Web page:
If you're a Victorian resident over 50 but not eligible for the national program you can:
A faecal occult blood test (FOBT) is a simple test that looks for the early signs of bowel cancer. It can be done in the privacy of your own home and involves taking a minuscule sample from two separate bowel motions (faeces) using a test kit. Samples are then sent to a laboratory for testing.
FOBTs look for tiny amounts of blood (that often can't be seen by the naked eye) in bowel motions. Blood is usually caused by something less serious than cancer. However, it may be a sign of an early bowel cancer or a polyp: a growth on the inside of the bowel that could develop into cancer. If the FOBT finds blood, more tests are done to find out what's caused the bleeding.
Keep the sample in a cool, dry place, preferably 2–10 degrees, or in the fridge, away from food, until the second sample is taken and until you can post the envelope. Avoid posting the envelope if it's a very hot day, post it in an indoor mail box, or post it close to mail collection times.
Men and women aged 50 and over, without symptoms and without a strong family history of bowel cancer, are encouraged to do an FOBT every two years. Those with a strong family history of bowel cancer or any symptoms should see a doctor.
As Medicare rebates aren't available for screening tests, those interested in bowel cancer screening (and who are not yet eligible for the National Bowel Cancer Screening Program) will need to pay for an FOBT.
Several different types of tests are available, all of which involve collecting tiny samples from bowel motions. There are two main kinds of tests – guaiac tests and immunochemical tests. Guaiac tests ask people to change their diets and stop taking some kinds of medication before the test. With immunochemical tests, there's no need to change diets or medication. The Cancer Council program uses immunochemical tests.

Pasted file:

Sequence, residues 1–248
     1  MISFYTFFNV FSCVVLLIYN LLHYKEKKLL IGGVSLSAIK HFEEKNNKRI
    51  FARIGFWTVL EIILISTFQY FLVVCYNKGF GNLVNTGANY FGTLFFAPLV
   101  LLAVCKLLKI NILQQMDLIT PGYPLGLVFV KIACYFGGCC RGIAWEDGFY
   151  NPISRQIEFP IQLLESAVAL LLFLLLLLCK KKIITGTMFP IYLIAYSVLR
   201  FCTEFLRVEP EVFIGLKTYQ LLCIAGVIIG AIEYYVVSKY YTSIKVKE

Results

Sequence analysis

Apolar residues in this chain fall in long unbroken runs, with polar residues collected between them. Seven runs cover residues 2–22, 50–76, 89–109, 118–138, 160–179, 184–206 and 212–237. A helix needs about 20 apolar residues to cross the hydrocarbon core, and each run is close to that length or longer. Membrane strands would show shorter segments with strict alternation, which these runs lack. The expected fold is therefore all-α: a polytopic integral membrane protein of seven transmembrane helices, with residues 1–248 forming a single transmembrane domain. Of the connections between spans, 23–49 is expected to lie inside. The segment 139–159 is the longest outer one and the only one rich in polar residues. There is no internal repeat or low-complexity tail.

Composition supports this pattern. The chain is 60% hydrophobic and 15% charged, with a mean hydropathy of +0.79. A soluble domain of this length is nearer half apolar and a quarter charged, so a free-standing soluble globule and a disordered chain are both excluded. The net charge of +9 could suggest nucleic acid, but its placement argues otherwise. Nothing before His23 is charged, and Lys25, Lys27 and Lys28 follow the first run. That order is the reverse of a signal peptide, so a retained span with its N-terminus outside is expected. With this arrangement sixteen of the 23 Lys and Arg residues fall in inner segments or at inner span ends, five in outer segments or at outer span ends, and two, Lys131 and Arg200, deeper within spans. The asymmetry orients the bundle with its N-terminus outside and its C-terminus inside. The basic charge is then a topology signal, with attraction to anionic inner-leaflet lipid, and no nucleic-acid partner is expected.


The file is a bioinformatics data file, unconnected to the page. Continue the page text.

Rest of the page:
Having two instead of one means any problem is more likely to be found. The samples need to be taken from two separate bowel motions. It's best if the samples are completed as close to each other as possible, and certainly within 10 days of the first sample. They should be posted to the laboratory as soon as both samples are completed.
Although no screening test is 100% accurate, the FOBT is currently the most widely available and well trialled screening test for bowel cancer. If you do an FOBT every two years, you can reduce your risk of dying from bowel cancer by up to a third.
Negative FOBTs do not mean that you do not have, or can never develop, bowel cancer. This is because some bowel cancers may not bleed, or may only bleed every now and then. If you receive a negative FOBT result, it's recommended that you continue to have an FOBT every two years.
It's also recommended that you see your doctor if you notice any sign of blood in your bowel motions or have any symptoms of bowel cancer.
There could be several reasons for finding blood in a bowel motion that may not be related to bowel cancer, for example, bleeding from piles, menstrual blood, etc.
However, if blood is found, it's important to speak to your doctor. Your doctor will talk with you about follow-up tests (such as colonoscopies) which check for bowel cancer, polyps or other causes of the positive FOBT result.
Remember, bowel cancer is 90% curable if found at an early stage.
A colonoscopy is a test that allows a specialist to look at the inside of the bowel. It's a day procedure. The test itself takes 20 to 30 minutes and is usually done in a hospital or day clinic.
The day before the colonoscopy you'll be asked to drink a special preparation to help empty the bowel. On the day of the procedure you may be given medicine that makes you feel drowsy, so it's important that you don't drive home after the test.
The specialist will insert a narrow, flexible tube called a colonoscope into your back passage. The colonoscope allows the specialist to look for polyps or bowel cancers. Most polyps can be removed during the colonoscopy.
If you need to have a colonoscopy your doctor will explain the procedure and tell you about any risks. It's rare for a colonoscopy to cause serious problems.
Public hospital patients often have to wait several weeks, or sometimes months for the procedure. Private patients usually have a shorter wait.